The trees would come up from the ground, huge ficus trees and rip the entire sidewalk up complete with all the water lines and take out light poles with it. Transformers were down, big ones... there was a really big one down in the Nautilus section that FPL was very good about getting up and off the road very fast.
How do I know all of this?
I stayed with my family on Miami Beach on 34th and Sheridan and was witness to what Miami Beach looked like while all of the attention was on South Dade. As the crow flies, we were just north of the eye wall that rampaged Key Biscayne to our South. Miami Beach got lucky and I mean lucky by a matter of miles, ten.. twenty? Check out the distance on a map (not a Google driving map) from say 17th and Alton Road to Key Biscayne ...not that far.. but far enough for us to suffer a milder storm.
Oh...did I mention the tornadoes? Probably not. There were swaths across Miami Beach that were most likely attributed to straight line winds or down bursts. Some said tornadoes. One was around 35th Street... where the roof took flight. A large swatch of trees were down and strong home damage up around 56th or 57th that went from Pine Tree across the beach to Alton. Things happen in the middle of the night during the storm that cannot be documented easily, but debris tales can tell the story after the fact.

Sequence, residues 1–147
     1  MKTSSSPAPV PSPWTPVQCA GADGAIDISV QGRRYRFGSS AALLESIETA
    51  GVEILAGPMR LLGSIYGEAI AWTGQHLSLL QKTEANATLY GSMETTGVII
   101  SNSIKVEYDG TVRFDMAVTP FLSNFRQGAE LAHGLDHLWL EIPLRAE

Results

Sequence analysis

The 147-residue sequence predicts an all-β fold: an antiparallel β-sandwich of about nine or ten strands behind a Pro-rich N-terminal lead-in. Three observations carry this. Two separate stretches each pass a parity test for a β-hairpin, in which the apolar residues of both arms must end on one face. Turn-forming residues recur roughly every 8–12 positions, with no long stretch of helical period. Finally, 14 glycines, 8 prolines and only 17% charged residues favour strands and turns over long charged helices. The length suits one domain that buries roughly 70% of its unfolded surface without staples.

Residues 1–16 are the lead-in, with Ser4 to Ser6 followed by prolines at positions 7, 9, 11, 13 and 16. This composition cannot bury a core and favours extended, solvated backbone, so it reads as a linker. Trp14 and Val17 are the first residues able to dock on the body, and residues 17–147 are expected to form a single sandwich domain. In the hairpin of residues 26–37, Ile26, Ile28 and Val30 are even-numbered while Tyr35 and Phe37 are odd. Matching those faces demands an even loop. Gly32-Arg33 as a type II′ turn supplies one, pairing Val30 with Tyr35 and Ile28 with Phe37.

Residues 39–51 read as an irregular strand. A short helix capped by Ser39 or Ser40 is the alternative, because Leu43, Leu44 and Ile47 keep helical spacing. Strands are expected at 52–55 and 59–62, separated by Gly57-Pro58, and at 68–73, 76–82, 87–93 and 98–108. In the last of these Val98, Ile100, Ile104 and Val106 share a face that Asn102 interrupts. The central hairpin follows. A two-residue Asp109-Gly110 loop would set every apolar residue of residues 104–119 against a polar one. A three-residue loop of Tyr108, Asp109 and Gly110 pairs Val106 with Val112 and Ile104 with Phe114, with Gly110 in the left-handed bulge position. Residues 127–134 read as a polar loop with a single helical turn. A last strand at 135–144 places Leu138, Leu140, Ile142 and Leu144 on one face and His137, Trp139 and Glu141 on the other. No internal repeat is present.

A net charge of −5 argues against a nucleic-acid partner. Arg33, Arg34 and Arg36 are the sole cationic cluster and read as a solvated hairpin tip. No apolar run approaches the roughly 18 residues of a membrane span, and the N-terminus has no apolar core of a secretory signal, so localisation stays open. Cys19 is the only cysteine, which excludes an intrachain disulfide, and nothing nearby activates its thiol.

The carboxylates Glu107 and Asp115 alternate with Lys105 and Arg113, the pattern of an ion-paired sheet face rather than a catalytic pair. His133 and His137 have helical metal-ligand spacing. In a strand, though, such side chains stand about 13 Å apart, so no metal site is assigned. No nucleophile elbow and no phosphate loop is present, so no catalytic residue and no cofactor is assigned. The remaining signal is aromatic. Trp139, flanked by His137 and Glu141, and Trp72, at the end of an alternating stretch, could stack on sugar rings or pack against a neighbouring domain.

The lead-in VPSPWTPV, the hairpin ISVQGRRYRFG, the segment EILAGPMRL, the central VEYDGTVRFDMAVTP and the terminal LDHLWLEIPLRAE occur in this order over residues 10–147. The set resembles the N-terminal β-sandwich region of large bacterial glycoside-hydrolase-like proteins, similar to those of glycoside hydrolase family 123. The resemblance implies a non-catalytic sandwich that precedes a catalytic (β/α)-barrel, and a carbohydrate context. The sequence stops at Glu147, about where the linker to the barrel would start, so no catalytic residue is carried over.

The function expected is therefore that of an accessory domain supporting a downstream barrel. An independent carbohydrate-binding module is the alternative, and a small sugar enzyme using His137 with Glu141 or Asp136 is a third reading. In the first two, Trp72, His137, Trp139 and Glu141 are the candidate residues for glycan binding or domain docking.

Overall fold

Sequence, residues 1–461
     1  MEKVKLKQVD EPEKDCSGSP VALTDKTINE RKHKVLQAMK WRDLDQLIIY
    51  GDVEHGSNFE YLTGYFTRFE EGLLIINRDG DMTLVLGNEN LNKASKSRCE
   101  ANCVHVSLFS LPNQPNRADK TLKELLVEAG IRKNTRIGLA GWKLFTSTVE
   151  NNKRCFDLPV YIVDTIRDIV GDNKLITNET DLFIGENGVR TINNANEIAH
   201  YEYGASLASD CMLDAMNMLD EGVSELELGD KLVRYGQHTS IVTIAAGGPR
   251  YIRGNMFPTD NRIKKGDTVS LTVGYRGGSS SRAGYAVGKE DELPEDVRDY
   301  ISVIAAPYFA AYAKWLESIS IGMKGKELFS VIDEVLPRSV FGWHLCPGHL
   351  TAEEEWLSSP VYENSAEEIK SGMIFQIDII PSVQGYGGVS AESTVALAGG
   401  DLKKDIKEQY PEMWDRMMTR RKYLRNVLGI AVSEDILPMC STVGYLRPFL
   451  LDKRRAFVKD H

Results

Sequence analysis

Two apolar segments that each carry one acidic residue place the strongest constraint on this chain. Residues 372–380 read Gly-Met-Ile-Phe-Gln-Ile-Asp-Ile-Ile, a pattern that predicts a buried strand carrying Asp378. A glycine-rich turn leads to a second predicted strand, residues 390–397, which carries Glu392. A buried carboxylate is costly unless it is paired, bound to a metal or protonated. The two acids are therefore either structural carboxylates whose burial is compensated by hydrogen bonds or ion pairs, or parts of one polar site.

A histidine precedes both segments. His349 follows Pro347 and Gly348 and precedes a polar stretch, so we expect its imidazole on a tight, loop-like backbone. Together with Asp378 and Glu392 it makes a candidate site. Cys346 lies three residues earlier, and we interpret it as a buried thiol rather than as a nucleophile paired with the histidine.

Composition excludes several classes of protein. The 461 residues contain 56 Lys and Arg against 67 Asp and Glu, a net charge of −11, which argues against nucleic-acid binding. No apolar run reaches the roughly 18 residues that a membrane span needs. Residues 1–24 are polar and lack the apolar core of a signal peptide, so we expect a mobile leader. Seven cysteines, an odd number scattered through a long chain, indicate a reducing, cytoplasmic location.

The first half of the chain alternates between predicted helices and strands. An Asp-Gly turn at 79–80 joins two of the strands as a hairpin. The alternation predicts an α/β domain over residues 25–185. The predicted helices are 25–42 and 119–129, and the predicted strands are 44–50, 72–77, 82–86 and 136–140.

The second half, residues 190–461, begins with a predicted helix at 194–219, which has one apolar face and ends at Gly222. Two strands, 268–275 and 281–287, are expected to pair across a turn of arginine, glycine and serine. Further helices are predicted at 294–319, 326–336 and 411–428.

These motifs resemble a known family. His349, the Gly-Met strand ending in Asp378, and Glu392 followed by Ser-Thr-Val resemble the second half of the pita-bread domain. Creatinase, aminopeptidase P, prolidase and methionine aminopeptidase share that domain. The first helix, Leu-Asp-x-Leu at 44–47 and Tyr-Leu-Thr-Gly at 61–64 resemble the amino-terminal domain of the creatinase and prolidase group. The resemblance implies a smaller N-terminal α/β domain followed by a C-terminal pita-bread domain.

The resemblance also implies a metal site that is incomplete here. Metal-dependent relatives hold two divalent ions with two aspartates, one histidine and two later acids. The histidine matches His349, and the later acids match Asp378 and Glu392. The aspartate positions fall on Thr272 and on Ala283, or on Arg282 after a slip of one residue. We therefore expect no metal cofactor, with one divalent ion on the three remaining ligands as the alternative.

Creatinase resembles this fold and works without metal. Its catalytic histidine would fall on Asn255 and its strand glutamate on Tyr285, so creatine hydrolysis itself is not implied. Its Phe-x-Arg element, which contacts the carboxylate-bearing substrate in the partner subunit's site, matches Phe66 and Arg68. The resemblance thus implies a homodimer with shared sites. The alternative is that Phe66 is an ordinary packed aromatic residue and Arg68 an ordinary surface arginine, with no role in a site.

But, in general we got lucky. We got very lucky. We had no electric, we had no trash pick up for weeks (talking the bulk trash that picks up the trees that were cut down and the furniture that was tossed out that got water logged when windows broke and anything else that someone threw into your trash pile in front of your house that began to look like a barricade of sorts often 4 feet high or higher in front of your house on the curb. I just wanted them at one point to pick up the garbage and make it look normal again. I felt badly mourning the loss of trees when I knew so many people died. Later when we drove down Coral Way and I saw sky where branches used to weave their way above the drivers as they made their way West from Miracle Mile. The trees on Bayshore Drive in Coconut Grove were shredded and torn apart and it took close to five years for it to look "normal" again.